History Events

Revolutionary Mosquitoes: Malaria, Yellow Fever, and Independence in the Americas, 1776-1825

October 07, 2013 // 4:00pm5:30pm
History and Public Policy Program
John McNeill argues that yellow fever and malaria, both mosquito-borne diseases, helped make the Americas free. In the campaigns of 1780-81 in the Carolinas and Virginia, in the Haitian Revolution of 1791-1804, in the wars of independence in the Spanish Americas of 1808-25, locally born and raised soldiers and militia enjoyed a strong advantage over European troops in terms of their resistance to these two infections. Did disease tip the military balance?

Why Communism Did Not Collapse: Understanding Authoritarian Regime Resilience in Asia and Europe

October 03, 2013 // 2:30pm4:00pm
Cold War International History Project
Martin K. Dimitrov, Associate Professor of Political Science at Tulane University, will speak on the puzzling durability of communist autocracies in Eastern Europe and Asia, the the longest-lasting type of non-democratic regime to emerge after World War I.

Leadership in the Asia-Pacific: The Road Ahead for Japan and the United States HELD IN TOKYO

October 02, 2013 // 10:00am5:30pm
Asia Program
Economic growth and stability in the Asia-Pacific is hardly a regional issue. The world at large has a major stake in ensuring peace and prosperity in the region, especially amid growing risks worldwide. In the fifth annual Japan-U.S. Joint Public Policy Forum to be held October 2 in Tokyo hosted by the Sasakawa Peace Foundation and the Wilson Center, experts from both countries will gather to discuss the outlook and challenges ahead for Japan and the United States to take leadership in the Asia-Pacific region.

Strategy: A History

October 01, 2013 // 4:00pm5:30pm
History and Public Policy Program
In Strategy: A History, Sir Lawrence Freedman, one of the world's leading authorities on war and international politics, captures the vast history of strategic thinking, in a consistently engaging and insightful account of how strategy came to pervade every aspect of our lives.

Latin America Encounters Nelson Rockefeller: Imagining the Gringo Patrón in 1969

September 30, 2013 // 4:00pm5:30pm
History and Public Policy Program
In 1969, Nelson Rockefeller embarked on four ill-fated diplomatic tours of Latin America that inspired violent clashes between the state and the street. Contemporary observers and subsequent scholars have dismissed Gov. Rockefeller's goodwill effort as an unmitigated failure. In this talk, Ernesto Capello explores recently released documents, including selections from the thousands of solicitations sent to Rockefeller by ordinary citizens, which demonstrate the need to reevaluate Rockefeller's Presidential Mission as a critical moment in the way Cold War Latin America imagined its neighbors to the north.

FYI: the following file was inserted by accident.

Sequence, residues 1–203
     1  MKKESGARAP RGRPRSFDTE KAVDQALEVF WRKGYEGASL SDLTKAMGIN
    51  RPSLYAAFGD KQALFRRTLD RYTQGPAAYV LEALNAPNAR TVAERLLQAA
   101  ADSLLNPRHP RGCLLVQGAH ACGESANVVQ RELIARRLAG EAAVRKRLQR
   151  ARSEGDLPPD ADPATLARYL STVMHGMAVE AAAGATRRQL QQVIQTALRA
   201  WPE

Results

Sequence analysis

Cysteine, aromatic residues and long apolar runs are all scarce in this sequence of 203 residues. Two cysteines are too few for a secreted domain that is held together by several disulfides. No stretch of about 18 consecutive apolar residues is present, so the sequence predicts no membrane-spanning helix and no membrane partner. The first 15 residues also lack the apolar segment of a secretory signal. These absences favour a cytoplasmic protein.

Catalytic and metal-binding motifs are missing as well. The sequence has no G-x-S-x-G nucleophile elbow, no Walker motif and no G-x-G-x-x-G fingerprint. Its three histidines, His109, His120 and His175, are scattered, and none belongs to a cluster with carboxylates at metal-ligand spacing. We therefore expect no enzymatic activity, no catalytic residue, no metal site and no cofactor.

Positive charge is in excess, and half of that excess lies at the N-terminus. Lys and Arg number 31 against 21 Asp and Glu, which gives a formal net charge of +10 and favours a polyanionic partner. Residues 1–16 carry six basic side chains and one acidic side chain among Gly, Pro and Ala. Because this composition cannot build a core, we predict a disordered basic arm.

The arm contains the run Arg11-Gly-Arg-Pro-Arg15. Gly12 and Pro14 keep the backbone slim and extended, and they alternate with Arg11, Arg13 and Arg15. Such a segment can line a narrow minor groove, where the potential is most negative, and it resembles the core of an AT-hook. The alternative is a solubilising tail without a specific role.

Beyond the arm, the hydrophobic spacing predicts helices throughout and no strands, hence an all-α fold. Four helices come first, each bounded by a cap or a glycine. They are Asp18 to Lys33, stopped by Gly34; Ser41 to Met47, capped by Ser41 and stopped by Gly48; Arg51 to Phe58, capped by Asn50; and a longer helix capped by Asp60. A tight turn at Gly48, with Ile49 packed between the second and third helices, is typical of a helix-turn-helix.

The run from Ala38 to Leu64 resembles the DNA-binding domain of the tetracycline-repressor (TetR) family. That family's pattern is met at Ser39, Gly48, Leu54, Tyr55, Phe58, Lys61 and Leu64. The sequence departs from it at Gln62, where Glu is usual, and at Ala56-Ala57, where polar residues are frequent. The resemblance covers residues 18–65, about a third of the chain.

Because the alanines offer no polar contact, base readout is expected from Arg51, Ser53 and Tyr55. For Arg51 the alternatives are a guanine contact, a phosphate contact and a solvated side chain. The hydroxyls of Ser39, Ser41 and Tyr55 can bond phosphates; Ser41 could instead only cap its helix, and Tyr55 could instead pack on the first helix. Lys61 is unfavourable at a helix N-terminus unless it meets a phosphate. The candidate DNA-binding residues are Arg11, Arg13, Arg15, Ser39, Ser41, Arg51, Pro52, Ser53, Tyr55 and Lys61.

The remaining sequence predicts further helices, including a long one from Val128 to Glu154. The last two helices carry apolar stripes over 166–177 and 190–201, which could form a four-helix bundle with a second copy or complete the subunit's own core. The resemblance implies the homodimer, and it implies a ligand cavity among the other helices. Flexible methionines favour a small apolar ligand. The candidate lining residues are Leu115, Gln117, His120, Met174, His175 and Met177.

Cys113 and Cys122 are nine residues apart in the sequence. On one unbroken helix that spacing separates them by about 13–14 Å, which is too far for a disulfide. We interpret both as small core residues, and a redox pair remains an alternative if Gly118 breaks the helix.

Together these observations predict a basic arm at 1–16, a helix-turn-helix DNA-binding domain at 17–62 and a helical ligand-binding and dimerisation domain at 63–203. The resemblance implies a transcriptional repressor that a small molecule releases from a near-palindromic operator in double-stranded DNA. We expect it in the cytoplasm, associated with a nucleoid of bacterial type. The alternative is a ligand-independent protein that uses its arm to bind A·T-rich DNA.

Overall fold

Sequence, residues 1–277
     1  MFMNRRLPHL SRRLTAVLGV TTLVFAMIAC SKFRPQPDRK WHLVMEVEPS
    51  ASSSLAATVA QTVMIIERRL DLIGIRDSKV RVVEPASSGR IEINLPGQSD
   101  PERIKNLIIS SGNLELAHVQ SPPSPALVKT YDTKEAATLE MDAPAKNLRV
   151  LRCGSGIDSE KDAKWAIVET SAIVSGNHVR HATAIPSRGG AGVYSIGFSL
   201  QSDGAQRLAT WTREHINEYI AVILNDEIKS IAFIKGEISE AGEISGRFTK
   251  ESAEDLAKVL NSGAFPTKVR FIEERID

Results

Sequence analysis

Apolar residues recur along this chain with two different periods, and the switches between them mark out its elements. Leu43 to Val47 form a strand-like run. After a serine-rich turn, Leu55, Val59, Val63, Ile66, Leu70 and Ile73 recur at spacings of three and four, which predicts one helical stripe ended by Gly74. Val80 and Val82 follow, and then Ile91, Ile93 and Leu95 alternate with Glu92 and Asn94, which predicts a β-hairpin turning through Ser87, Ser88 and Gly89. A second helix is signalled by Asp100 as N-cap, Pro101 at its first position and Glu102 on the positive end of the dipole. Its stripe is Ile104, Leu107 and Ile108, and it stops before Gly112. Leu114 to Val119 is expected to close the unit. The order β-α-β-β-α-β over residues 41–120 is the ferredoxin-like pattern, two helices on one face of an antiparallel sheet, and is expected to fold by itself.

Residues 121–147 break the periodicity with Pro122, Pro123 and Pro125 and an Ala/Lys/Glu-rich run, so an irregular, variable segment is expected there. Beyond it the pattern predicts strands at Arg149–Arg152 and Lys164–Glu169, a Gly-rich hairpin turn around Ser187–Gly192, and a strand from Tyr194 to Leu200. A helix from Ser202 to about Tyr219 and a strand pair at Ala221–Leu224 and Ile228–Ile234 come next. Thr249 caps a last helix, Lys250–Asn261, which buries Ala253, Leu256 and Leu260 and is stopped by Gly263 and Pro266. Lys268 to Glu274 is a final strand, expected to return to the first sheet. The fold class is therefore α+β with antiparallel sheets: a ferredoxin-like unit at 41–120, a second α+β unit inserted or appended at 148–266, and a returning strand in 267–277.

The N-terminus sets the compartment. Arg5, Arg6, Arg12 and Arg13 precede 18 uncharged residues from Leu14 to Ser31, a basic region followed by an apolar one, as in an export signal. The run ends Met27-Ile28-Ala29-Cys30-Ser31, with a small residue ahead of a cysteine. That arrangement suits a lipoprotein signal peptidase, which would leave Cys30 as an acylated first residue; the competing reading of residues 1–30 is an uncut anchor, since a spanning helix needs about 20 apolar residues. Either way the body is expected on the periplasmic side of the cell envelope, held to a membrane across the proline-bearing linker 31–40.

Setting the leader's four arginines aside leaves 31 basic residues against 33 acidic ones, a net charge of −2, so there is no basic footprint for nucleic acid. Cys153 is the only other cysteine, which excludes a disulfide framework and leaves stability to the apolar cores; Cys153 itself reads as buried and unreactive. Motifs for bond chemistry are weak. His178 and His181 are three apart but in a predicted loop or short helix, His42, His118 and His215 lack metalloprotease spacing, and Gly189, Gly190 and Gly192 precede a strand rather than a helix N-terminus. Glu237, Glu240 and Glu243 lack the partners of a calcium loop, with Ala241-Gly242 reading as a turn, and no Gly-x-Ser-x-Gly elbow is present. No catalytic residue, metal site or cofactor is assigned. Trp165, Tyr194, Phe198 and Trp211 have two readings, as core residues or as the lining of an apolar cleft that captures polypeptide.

The Accidental Victim: JFK, Lee Harvey Oswald, and the Real Target in Dallas

September 26, 2013 // 12:00pm1:30pm
History and Public Policy Program
Wilson Center Senior Scholar James Reston, Jr. discusses his new book on the Kennedy assassination.

Hanoi's Road to the Vietnam War, 1954-1965

September 25, 2013 // 3:30pm5:00pm
Cold War International History Project
Please join us for a book launch for Hanoi's Road to the Vietnam War, in which Pierre Asselin explores the communist path to war by way of new and largely inaccessible Vietnamese materials as well as French, British, Canadian, and American documents.

Reshaping Eurasia's Future: Russia, China, and the EU

September 25, 2013 // 9:00am2:00pm
Global Europe Program
Eurasian geopolitics are more fluid now than they have been for at least a decade. The looming U.S. withdrawal of combat troops from Afghanistan and Russia's uncertain capabilities in the region leave a vacuum for new extra-regional powers to fill.
Podcast

The Worlds of Joseph Conrad

September 23, 2013 // 4:00pm5:30pm
History and Public Policy Program
What does it feel like to live in a world transformed by new technology, new ideas, and new dynamics of world power? A century ago, the author Joseph Conrad provided vivid answers to questions we still ask today. In his novels Heart of Darkness (1899), Lord Jim (1900), Nostromo (1904), and The Secret Agent (1907) – each set on a different continent, each anchored in historical incidents and in personal experience – Conrad revealed the forces challenging European dominance, and anticipated the defining currents of the twentieth century.

Brothers at War: The Unending Conflict in Korea

September 23, 2013 // 9:30am11:00am
North Korea International Documentation Project
Please join NKIDP for a book launch with Sheila Miyoshi Jager for Brothers at War: The Unending Conflict in Korea, a major historical account of the Korean War, its origins, and its evolving impact on the world.

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